Amazon Prime Video recently released the season finale of their The Lord of the Rings series The Rings of Power, and it revealed the true identity of Sauron and gave us an idea of who The Stranger could possibly be. The Rings of Power has been slowly unraveling its plot, with season two expected to be twice as big as their epic first season. One of the more interesting storylines from this season had to be who this mysterious stranger that came from the sky without any memories or the ability to talk was. Fans were speculating that he could be Sauron, but that turned out to be wrong. Another theory was that he could be Gandalf, but there hasn't been any concrete confirmation of that. During the finale it's revealed that The Stranger is actually an Istari or wizard in layman's terms, and he has to travel to the location on the map he carries. Daniel Weyman, who plays The Stranger, revealed one key detail about his character that fans probably missed. During a new interview with TV Line, the actor revealed that his wardrobe was actually slowly regenerating throughout the season.
"I don't know whether people have noticed, but the costume changes slightly over the course of the season," Weyman told the website. "The fact that they were surrounding The Stranger meant that they subtly changed and altered themselves, It's like they all got pulled in, and so it goes from being a very big, wild costume to being more of a costume of an Istari."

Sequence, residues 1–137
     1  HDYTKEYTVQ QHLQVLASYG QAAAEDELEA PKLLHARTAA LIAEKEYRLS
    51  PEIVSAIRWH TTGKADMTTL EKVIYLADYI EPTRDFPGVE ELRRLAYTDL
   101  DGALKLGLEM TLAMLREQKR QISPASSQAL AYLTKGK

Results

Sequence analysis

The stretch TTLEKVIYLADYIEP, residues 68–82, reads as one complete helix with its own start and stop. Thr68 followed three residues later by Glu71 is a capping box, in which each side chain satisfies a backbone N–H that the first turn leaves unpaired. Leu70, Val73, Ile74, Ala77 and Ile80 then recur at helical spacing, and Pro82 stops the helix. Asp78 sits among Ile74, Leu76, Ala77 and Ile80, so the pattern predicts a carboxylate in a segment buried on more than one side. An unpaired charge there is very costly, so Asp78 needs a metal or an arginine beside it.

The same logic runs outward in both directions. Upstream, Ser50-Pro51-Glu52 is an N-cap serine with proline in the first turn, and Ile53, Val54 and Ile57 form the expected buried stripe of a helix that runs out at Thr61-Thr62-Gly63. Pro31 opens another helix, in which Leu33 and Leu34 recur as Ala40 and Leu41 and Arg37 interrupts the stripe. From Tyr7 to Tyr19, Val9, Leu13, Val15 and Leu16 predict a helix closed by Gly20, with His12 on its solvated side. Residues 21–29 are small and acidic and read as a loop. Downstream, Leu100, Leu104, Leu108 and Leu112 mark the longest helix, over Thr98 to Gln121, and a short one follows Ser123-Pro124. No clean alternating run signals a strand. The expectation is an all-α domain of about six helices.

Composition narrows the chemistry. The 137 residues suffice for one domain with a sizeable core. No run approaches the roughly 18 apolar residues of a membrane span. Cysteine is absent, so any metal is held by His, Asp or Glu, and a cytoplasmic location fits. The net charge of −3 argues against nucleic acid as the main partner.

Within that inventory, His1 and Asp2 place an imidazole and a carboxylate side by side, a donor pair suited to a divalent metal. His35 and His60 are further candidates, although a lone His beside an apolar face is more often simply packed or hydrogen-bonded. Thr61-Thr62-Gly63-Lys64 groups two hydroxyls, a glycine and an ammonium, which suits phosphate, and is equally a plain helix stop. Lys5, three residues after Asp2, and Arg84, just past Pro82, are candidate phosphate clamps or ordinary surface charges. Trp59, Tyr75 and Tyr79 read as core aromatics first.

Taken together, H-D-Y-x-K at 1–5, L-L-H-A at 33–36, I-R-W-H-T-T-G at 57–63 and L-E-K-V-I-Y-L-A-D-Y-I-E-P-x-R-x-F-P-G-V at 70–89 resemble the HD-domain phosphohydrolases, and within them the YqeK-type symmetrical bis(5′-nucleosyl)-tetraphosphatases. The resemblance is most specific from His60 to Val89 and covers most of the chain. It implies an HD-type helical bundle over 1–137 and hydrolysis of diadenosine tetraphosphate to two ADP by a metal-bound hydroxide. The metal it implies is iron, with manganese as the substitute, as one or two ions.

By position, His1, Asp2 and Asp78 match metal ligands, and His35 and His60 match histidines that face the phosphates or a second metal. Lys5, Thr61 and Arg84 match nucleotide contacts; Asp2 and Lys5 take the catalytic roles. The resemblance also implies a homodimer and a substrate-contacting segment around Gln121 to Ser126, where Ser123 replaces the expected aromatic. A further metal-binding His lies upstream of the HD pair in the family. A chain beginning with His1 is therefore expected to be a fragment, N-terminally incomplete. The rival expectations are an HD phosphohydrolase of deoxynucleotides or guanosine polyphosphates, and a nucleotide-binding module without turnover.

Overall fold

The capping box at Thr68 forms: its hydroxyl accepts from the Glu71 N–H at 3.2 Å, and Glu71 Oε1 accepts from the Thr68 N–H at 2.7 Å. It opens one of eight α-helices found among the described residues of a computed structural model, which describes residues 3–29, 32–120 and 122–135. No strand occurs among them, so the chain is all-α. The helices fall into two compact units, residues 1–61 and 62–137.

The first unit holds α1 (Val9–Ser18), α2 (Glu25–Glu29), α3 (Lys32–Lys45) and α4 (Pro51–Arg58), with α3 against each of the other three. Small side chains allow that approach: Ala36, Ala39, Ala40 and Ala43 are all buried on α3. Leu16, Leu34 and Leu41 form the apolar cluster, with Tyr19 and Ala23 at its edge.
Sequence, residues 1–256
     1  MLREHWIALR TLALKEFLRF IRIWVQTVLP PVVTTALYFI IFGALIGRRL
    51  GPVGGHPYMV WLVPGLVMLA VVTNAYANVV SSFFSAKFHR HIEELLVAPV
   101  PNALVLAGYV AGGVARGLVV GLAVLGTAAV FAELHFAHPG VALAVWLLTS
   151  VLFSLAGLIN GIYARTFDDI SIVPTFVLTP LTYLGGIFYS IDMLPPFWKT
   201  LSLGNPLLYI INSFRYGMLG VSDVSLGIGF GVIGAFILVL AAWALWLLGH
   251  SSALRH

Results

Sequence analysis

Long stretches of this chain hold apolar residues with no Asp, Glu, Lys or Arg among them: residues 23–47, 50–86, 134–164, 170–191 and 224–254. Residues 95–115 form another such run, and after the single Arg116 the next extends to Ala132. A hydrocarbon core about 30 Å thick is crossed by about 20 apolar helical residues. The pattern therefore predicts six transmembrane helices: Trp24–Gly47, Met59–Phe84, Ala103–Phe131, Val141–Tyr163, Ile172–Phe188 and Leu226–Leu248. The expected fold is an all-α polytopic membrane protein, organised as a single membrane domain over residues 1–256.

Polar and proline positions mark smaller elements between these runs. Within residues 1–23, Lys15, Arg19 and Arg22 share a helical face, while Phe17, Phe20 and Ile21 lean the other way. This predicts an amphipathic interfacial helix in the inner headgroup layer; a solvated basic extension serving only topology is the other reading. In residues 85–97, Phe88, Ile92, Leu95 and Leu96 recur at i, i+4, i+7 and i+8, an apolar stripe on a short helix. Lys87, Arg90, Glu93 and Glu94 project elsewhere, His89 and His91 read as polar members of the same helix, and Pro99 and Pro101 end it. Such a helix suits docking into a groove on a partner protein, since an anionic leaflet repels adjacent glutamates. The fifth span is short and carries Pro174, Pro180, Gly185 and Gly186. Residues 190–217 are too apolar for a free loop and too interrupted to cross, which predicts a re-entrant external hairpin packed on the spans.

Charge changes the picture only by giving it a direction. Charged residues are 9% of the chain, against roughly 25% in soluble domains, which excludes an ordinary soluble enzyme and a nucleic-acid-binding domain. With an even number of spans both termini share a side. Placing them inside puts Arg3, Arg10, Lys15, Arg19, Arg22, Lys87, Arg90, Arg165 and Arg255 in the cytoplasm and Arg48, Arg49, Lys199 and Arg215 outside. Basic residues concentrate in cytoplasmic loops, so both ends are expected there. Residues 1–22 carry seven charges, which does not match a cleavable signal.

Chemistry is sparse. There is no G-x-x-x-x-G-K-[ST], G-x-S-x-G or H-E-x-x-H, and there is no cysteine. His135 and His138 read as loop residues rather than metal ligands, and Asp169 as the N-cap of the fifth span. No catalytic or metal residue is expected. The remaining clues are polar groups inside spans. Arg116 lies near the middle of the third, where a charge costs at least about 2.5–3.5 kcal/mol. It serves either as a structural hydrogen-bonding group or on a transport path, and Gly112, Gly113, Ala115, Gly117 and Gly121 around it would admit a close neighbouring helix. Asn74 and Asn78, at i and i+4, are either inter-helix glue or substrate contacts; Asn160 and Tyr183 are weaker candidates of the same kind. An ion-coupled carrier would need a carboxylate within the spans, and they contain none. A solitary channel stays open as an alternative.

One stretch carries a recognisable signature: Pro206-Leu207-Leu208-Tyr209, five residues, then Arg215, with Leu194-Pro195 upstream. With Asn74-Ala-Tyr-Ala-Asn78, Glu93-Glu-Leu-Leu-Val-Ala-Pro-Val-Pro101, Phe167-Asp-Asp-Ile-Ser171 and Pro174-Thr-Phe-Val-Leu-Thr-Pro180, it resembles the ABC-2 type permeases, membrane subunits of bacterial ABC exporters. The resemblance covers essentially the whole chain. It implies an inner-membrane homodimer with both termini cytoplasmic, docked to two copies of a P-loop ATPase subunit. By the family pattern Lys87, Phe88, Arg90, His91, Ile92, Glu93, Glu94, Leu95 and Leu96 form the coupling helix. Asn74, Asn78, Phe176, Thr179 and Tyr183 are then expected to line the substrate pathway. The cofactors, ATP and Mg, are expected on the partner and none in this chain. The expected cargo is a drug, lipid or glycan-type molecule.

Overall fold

The Rings of Power is ahead of its epic fantasy rival House of the Dragon in Nielsen's ratings. The most recent episode of The Rings of Power left fans in shock after revealing the origin of an iconic Middle-earth location. The series co-showrunner reflected on the series' direction ahead of the first season finale.
"A huge theme in Tolkien is the environmentalism and the way machines and industrializations destroys the land," McKay told The Hollywood Reporter. "We wanted that to be central and core all the time. It's a thing that comes up again and again throughout the show. So in the writers room, we asked: What if Mordor was beautiful? All bucolic like Switzerland. And then what could happen that could transform it? We talked about the poisoning of the land — which starts in the first episode with the cow. Then you find out about the tunnels being dug and sulfur is going up into the air. It all builds toward this geologically realistic way of igniting the mountain, which now blacks out the sky for a very practical reason — Adar, our villain, sees the Orcs as his people and they deserve a home where the sun doesn't torment them. We're hoping it will take people by surprise."
Patrick McKay and J.D. Payne developed The Rings of Power for Prime Video, inspired by the works of J.R.R. Tolkien and set in the Second Age of the world of Middle-earth. The show's cast includes Cynthia Addai-Robinson, Robert Aramayo, Owain Arthur, Maxim Baldry, Nazanin Boniadi, Morfydd Clark, Ismael Cruz Córdova, Charles Edwards, Trystan Gravelle, Sir Lenny Henry, Ema Horvath, Markella Kavenagh, Joseph Mawle, Tyroe Muhafidin, Sophia Nomvete, Lloyd Owen, Megan Richards, Dylan Smith, Charlie Vickers, Leon Wadham, Benjamin Walker, Daniel Weyman, and Sara Zwangobani.
The Lord of the Rings: The Rings of Power debuts new episodes on Fridays on Prime Video. Only two episodes remain in the first season.
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